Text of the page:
One of those triggers might be when the victim’s phone connects to a specific WiFi network, such as a work network, signaling the owner is in an important environment. “I can’t remember having seen such advanced techniques in other mobile malware,” he says.
Hacking Team’s mobile tools also have a “crisis” module that kicks in when they sense the presence of certain detection activities occurring on a device, such as packet sniffing, and then pause the spyware’s activity to avoid detection. There is also a “wipe” function to erase the tool from infected systems. Hacking Team asserts that this will uninstall and erase all traces of the tools, but Citizen Lab discovered that initiating a wipe on some mobile phones creates telltale signs. On a BlackBerry, for example, it causes the device to automatically restart. On Android devices, the uninstall can, under certain conditions, cause a prompt to appear onscreen asking permission from the user to uninstall an application called “DeviceInfo”—the name the Android spy tool uses for itself.
In addition to the variety of obfuscation measures the tools use, Hacking Team also advises customers to set up several anonymous proxy servers through which to route data stolen from victim machines. In this way, researchers and victims won’t be able to easily follow the path the data takes back to command servers. Oddly, Hacking Team borrows the logo of the hacktivist group Anonymous—an empty black business suit—to designate the anonymized proxy servers in its user manual.
Hacking Team first developed its Remote Control System spy suite in 2001. Initially it was a free, open-source tool for conducting man-in-the-middle attacks and was used by hackers and security researchers alike. Soon, however, police in Milan contacted the two authors of the tool—Alberto Ornaghi and Marco Valleri—for help developing something to eavesdrop on Skype communications. Work on this tool evolved into RCS.
Hacking Team has long argued that its products are intended for lawful governmental interception only and that it won’t sell its products to repressive regimes and countries blacklisted by NATO. But its spy suite reportedly has been used to spy on the citizen journalist group Mamfakinch in Morocco and appears to have been used by someone in Turkey to target a woman in the U.S. who was a vocal critical of Turkey’s Gulen movement.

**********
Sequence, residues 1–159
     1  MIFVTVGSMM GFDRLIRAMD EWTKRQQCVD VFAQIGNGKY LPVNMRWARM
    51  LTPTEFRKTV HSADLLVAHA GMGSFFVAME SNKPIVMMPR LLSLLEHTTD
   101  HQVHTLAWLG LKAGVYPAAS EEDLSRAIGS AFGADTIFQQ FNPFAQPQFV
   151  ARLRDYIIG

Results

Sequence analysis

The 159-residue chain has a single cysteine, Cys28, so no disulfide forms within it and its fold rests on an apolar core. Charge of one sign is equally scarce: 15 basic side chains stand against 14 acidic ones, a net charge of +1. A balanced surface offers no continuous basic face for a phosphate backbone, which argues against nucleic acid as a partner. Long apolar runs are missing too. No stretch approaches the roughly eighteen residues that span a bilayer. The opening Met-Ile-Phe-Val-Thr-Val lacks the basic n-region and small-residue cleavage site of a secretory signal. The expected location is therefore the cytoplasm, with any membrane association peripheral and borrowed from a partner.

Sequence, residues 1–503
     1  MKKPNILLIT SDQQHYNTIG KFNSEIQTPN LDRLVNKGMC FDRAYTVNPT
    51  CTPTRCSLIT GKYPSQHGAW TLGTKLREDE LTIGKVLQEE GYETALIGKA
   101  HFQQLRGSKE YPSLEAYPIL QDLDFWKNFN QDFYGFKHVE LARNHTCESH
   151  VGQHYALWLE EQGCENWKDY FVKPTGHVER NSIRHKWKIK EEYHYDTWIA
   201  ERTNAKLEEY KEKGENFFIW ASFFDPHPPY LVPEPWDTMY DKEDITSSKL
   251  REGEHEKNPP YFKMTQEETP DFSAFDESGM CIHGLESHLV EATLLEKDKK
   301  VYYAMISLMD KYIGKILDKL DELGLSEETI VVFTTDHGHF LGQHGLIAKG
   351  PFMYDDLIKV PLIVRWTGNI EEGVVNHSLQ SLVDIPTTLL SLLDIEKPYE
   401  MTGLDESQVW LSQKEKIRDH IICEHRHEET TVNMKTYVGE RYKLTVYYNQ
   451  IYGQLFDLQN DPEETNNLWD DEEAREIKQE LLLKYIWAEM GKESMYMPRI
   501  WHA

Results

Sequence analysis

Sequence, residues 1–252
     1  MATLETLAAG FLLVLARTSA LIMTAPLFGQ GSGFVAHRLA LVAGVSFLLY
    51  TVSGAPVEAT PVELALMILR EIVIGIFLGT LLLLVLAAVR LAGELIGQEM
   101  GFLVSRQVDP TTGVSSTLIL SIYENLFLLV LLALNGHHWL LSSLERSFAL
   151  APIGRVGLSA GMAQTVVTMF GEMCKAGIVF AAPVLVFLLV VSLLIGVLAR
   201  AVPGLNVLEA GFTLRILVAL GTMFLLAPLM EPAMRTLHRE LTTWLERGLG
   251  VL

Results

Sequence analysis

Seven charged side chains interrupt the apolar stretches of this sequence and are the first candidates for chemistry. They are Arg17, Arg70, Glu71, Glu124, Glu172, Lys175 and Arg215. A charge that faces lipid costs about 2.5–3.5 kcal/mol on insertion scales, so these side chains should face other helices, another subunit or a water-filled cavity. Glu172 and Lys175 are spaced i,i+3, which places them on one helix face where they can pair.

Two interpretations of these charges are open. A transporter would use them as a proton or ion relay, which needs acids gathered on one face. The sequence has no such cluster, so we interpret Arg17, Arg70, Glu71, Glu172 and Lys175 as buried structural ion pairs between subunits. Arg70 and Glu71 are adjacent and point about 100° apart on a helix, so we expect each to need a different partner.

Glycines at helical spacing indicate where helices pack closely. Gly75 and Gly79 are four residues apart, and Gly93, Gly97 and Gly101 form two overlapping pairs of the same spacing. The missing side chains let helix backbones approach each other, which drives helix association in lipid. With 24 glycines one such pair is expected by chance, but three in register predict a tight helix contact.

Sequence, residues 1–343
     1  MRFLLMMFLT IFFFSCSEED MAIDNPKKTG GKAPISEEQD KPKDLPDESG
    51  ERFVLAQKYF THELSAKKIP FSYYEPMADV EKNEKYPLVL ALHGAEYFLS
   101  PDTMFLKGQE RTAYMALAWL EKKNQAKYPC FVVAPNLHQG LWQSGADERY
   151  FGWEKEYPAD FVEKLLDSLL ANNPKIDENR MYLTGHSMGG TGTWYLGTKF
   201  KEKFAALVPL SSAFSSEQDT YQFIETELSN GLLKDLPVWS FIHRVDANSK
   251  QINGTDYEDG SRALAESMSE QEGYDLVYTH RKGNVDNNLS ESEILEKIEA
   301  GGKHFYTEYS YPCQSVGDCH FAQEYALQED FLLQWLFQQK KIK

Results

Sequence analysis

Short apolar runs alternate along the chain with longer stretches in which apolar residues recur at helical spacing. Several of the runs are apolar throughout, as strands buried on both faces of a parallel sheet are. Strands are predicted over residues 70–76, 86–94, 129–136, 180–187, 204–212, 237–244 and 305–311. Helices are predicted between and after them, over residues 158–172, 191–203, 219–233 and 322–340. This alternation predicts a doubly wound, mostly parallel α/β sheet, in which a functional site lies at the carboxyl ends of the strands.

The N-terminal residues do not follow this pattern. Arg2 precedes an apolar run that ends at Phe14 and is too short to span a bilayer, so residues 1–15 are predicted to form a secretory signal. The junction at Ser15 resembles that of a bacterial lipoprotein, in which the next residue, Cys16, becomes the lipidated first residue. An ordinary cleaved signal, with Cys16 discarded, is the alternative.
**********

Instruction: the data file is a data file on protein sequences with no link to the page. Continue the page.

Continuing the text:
Indeed, the Android spy module that Citizen Lab uncovered was masquerading as a legitimate news app for Qatif Today, an Arabic-language news and information service that covers the Qatif region in eastern Saudi Arabia. The government of Saudi Arabia has faced off several times in the last few years against Shia protestors in the Qatif region who have demanded political reform from the Sunni government and the release of political prisoners.
Although the Citizen Lab researchers are careful to point out that they don’t know for certain that the Saudi government is using the Hacking Team tool to spy on political dissidents, circumstantial evidence shows this may be the case.
The malicious Qatif Today app was discovered after someone uploaded the file in March to the VirusTotal web site—a site owned by Google that aggregates several dozen antivirus scanners to detect malware. The file was signed with a bogus certificate that appeared to belong to Sun Microsystems. Citizen Lab found evidence that a Twitter account of interest to Shiites in Qatif may have been used to tweet a link to the malicious file to lure targets into downloading it onto their phones.
While Hacking Team’s core Galileo tool for spying on computers is valuable for governments, the mobile spy modules are particularly attractive to repressive regimes where activists and others use their mobile phones to organize and stay connected during protests.
Cops can install the phone implants directly onto a mobile device if they have physical access to it. But they can also install the implants if a user connects the mobile device to a computer—for example, to charge the device—and the computer is already infected with Da Vinci or Galileo.
The iOS spy module works only on jailbroken iPhones, but agents can simply run a jailbreaking tool and then install the spyware. The only thing protecting a user from a surreptitious jailbreak is enabling a password on the device. But if the device is connected to a computer infected with Da Vinci or Galileo software and the user unlocks the device with a password, the malware on the computer can surreptitiously jailbreak the phone to install the spy tool.
So far, the researchers haven’t uncovered any methods used for remotely infecting phones with the Hacking Team malware via a phishing attack or a malicious web site.
Citizen Lab points out in its report on the malware that it’s important to understand how Hacking Team’s tools work, since they are powerful weapons, no different from the types of tools used by nation states against one another. But in this case they’re employed by government customers not against other government targets but against ordinary citizens.
“This type of exceptionally invasive toolkit, once a costly boutique capability deployed by intelligence communities and militaries, is now being marketed for targeting everyday criminality and ‘security threats,’” they write. “An unstated assumption is that the entities able to buy these tools will use them correctly, and primarily for law enforcement purposes. As our research has shown, however, by dramatically lowering the entry cost on invasive and hard-to-trace monitoring, it lowers the cost of targeting political threats” too.